2. 2. A “Laboratory Medicine” Perspective <ul><li>IGF-I and IGFBP-3 </li></ul><ul><ul><li>Insulin-like Growth Factor I (Somatomedin-C) </li></ul></ul><ul><ul><li>Insulin-like Growth Factor Binding Protein 3 </li></ul></ul><ul><ul><li>Also: IGF-I / IGFBP-3 ratio </li></ul></ul><ul><li>Measurements in serum or plasma </li></ul><ul><ul><li>Systemic (circulation) versus local (tissue) </li></ul></ul><ul><li>Clinical interpretation </li></ul><ul><ul><li>Maximize patient-specific information </li></ul></ul><ul><li>Focus on growth-related applications </li></ul>
  3. 3. Agenda <ul><li>Background (Biochemistry & Physiology) </li></ul><ul><li>Modern Assay Methods, Limitations </li></ul><ul><li>Interpretive Frameworks (Reference Ranges) </li></ul><ul><li>Emerging Applications (Cancer, Cardiac, ...) </li></ul><ul><li>Acromegaly (Growth Hormone Excess) </li></ul><ul><li>Growth Hormone Deficiency (GHD) </li></ul><ul><li>Optimizing rhGH Therapy </li></ul><ul><li>Conclusions: Assay Requirements </li></ul>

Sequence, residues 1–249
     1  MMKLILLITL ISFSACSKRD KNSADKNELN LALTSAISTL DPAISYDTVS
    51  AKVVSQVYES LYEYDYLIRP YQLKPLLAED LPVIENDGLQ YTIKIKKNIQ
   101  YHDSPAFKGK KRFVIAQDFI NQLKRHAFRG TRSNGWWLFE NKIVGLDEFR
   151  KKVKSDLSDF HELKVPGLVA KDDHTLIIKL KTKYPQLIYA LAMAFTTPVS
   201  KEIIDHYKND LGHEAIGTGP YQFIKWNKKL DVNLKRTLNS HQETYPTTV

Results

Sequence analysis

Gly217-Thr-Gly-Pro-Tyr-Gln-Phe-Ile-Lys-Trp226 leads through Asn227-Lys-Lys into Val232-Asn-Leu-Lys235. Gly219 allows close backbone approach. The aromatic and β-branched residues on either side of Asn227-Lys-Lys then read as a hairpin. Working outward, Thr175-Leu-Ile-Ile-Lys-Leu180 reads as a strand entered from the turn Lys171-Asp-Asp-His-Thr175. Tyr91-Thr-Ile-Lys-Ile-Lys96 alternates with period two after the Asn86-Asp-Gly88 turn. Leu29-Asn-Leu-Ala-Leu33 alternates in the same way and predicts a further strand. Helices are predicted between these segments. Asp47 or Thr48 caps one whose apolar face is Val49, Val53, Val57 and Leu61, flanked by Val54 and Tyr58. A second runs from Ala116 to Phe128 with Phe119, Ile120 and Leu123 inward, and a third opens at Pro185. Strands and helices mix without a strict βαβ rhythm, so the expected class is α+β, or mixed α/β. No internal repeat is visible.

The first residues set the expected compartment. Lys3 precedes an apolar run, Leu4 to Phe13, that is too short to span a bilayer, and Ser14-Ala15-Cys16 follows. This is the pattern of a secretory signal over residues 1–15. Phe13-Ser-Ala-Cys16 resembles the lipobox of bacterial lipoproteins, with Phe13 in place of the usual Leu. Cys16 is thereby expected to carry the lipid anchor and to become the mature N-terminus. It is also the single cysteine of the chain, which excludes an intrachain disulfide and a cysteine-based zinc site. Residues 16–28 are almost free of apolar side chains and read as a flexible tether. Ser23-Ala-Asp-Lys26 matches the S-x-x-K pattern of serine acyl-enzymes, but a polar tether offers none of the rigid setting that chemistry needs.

4. 4. Background: Some Basic Biochemistry and Physiology
  5. 5. Proinsulin, IGF-I and IGF-II Lowe. Sci & Med 1996;3(2):62.
  6. 6. IGF and Insulin Receptors Le Roith. NEJM 1997;336:633.
  7. 7. IGF-I, IGFBP-3 and ALS Production The liver accounts for most of the IGF-I in circulation. San José, 2005
  8. 8. Formation of Ternary Complex After: Ranke, Elmlinger. Horm Res 1997:48(S4):9. : Acid Labile Subunit
  9. 9. IGFBP Proteases — e.g. PSA After: Ranke, Elmlinger. Horm Res 1997:48(S4):9.
  10. 10. IGFBP: Cell Binding After: Ranke, Elmlinger. Horm Res 1997:48(S4):9.
  11. 11. Impact of Liver Transplantation Weber et al. Horm Res 2002;57:105. IGFBP-3 IGF-I Before After Before After
  12. 12. Bone — the Growth Plate Daci et al. Horm Res 2002;58(S1):44.
  13. 13. IGF-I and Bone Mineral Density (BMD) Muñoz-Torres et al. Clin Endo 2001;55:759. N = 154 ambulatory postmenopausal women